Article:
The night before a competition, it’s important to eat a carbohydrate-rich, balanced meal. Unlike the simple carbohydrates you should eat right before an event, the carbohydrates in this meal are the complex kind.  That’s because, you won’t be using the energy from the meal right away.  The goal of this meal is to help fill your muscles with glycogen. Glycogen that you can use as energy the next day, during your event. As a general rule of thumb, I suggest eating ~25% more complex carbohydrates at this meal than you would typically eat for dinner. Good options are pasta, rice, quinoa, breads, potatoes, sweet potatoes, flour or corn tortillas and pancakes or waffles.

Include Lean Protein

Though the emphasis of this meal is on getting adequate carbohydrates in preparation for competition, it should still provide protein and other nutrients to meet your daily requirements. Try to include 3-4 ounces of lean protein with the meal, or a combination of plant-based proteins. Good options are grilled chicken, turkey, lean ground beef, ham, fish, tofu and beans and lentils.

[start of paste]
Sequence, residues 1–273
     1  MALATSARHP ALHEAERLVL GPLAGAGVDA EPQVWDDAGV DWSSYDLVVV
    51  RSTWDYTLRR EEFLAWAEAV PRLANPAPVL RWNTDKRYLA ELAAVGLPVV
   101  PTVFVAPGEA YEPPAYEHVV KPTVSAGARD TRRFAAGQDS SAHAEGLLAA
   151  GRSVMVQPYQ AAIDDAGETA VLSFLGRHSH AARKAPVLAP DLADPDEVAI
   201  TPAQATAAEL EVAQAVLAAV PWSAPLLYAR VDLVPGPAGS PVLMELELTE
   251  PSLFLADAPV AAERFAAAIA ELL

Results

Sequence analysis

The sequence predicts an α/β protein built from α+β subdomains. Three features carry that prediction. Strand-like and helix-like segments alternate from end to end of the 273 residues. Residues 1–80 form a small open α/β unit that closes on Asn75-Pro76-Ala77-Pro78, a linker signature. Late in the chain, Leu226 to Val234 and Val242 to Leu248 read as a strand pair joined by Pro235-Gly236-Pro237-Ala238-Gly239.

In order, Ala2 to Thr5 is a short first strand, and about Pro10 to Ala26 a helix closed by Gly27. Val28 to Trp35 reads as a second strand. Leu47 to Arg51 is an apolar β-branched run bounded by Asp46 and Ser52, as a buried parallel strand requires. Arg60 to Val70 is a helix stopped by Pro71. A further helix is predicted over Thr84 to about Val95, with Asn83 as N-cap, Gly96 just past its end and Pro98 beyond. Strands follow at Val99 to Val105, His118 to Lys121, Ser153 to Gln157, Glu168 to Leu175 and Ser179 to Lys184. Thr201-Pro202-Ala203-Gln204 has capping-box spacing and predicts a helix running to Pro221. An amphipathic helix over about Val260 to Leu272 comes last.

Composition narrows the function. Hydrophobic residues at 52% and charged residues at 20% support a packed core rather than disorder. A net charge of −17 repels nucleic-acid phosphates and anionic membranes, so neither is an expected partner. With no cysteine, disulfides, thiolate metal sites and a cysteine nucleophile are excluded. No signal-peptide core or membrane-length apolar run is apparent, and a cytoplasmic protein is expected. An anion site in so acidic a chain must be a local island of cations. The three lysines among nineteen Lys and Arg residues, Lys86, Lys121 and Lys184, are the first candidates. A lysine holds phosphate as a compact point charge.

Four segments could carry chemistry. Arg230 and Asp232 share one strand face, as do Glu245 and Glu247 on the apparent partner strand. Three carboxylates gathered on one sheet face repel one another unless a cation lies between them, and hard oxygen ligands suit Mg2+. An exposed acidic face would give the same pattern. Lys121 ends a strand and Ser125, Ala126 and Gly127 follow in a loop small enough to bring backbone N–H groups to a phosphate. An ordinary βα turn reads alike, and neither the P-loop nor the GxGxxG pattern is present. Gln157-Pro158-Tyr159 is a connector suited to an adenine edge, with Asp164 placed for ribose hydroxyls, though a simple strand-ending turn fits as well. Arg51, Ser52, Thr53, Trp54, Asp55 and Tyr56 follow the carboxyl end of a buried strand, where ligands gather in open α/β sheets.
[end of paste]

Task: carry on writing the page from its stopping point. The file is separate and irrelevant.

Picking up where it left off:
Drink Plenty Of Fluids

The day before an event is a critical time to focus on fluids. Going to bed well-hydrated is critical to tomorrow’s hydration status. Be extra careful to stick to your hydration schedule and include fluids with the dinner meal. Water is essential but milk, juice and tea are also good options.

What you eat the night before a competition can impact how you perform during your game, competition or long-distance endurance event the next day.

What Foods Should You Avoid The Night Before A Competition?

All foods can fit into a performance diet, but not all of them should be eaten the night before an event. Foods that can slow digestion or may cause gastrointestinal distress should be avoided. Below are some things to consider when planning your evening meal.

Avoid Too Many Dietary Fats